You can’t compete with $19 per month. Don’t try to.
The most successful service providers online follow this maxim: Be expensive or be free.
The fitness industry is being driven by technology more and more. This creates new opportunities to reach mass audiences really quickly.
In the tech world, they call this “scaling up”: building a product and then selling it to as many people as possible. This usually means the incremental cost of production goes to zero after the product is built (the first one costs a billion but the second one costs nothing). Volume is the only play when it comes to product sales now.
That’s not you.
You don’t sell a product. You sell a service.
Your attention is finite. No one is making more hours or more focus or more care.
That means coaches can’t compete on volume. They can only compete on attention and care.
Yes, there are outliers: Some of the CrossFit famous are selling programming and skipping ropes for cheap and getting a large audience to pay for it. But that’s not your best move for three reasons:
1. They’re selling a commodity. That means downward price pressure. A product that costs $49 this year will cost $19 next year.
2. Their stars are fading by the day. Their reach declines when a new CrossFit Games champion is crowned.
3. You don’t have the audience to start with.
So what’s your play?
Be free or be expensive. Don’t be in the middle. Don’t be cheap.
That means you give your knowledge out for free, but your coaching is expensive.
“On the one hand, information wants to be expensive because it’s so valuable. The right information in the right place just changes your life. On the other hand, information wants to be free because the cost of getting it out is getting lower and lower all the time. So you have these two fighting against each other.” —Stewart Brand to Steve Wozniak at the first Hacker’s Conference in 1984.
This means you can build trust in your audience without asking for anything in return. It means you can be generous. And it means you can ultimately earn what you deserve.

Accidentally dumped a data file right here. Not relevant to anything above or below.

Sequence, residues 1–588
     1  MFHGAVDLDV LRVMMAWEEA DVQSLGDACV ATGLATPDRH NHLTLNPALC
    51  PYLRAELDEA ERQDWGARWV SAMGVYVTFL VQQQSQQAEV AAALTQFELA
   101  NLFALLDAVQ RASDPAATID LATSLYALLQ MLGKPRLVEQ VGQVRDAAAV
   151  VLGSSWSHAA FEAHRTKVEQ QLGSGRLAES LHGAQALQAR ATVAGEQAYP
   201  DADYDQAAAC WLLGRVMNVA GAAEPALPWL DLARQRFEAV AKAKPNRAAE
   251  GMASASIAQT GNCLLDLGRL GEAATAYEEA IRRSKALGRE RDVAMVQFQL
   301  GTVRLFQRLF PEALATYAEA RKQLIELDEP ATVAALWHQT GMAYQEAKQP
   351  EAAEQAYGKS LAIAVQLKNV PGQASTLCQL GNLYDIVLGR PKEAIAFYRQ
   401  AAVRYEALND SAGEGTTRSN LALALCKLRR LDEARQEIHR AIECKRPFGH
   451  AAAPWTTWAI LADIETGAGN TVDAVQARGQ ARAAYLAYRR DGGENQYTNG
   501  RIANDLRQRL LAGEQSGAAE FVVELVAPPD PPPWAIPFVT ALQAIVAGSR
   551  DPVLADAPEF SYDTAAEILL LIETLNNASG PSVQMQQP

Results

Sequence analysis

I’ll give you two examples: CrossFit.com and Two-Brain Business.
CrossFit.com: free workout of the day (WOD) every single day since 2003. All the information you need to get fit and healthy.
Want to become a coach? That’s the most expensive certification on the market.
Want to be coached by a CrossFit-certified coach? That’s expensive.
CrossFit doesn’t sell the information. Information is the tool. An informed audience is the advantage.
Two-Brain Business: free information every single day since 2013, with a huge amount here. It’s all the information (and some painful stories) you need to build your fitness business.
Want mentorship? We’re the most expensive (at least I hope we are).
We don’t sell information. Information is our tool. An informed audience makes our entire industry better.
Notes on “Free”
Your free information should still be valuable.
Your free information should still be true.
A bait-and-switch marketing promise doesn’t build value; it erodes value.
Your free content doesn’t have to be perfect. But it has to be consistent.
Notes on “Expensive”
The value of your attention is what’s important, not the value of your time. The more 1:1 attention you provide, the more expensive your service should be. That’s true even if you provide more 1:1 attention online but spend less time coaching overall.
It also means that, in a physical gym, group training is your discount option.
Before you can charge what you’re worth, you have to be worth it. Read “How to Charge What You’re Worth.”
Content Marketing: The Foundation
I learned content marketing (the “free” part of this equation) from Testosterone.net and its editors.
No one had heard of Dave Tate or John Berardi before they started writing free articles on Testosterone.net (now T-Nation). So I started publishing every day on the Catalyst Fitness site in 2005—and then a member told me, “You’re just like Seth Godin.” I started reading Seth and writing even more.
In 2009, I started a little blog about the gym business. In 2012, I was hired by CrossFit Media and invited to their Media Summit. The ethos of CrossFit Media, as explained by Tony Budding: “We publish every day.”
At the same meeting, Greg Glassman, the founder of CrossFit Inc., said, “Talk to the smart kids and they’ll tell everyone else.” I think the same thing about the caring kids. If we can help gym owners leverage their care better—and for decades instead of years—then we can have a meaningful impact on the world.
That doesn’t mean we sell mentorship cheaply or give it away for free. It means we provide information for free.
It means we share enough “secrets” to actually help gym owners thrive. Many of those gym owners then use the profit from our free material to pay for mentorship—which is our real service.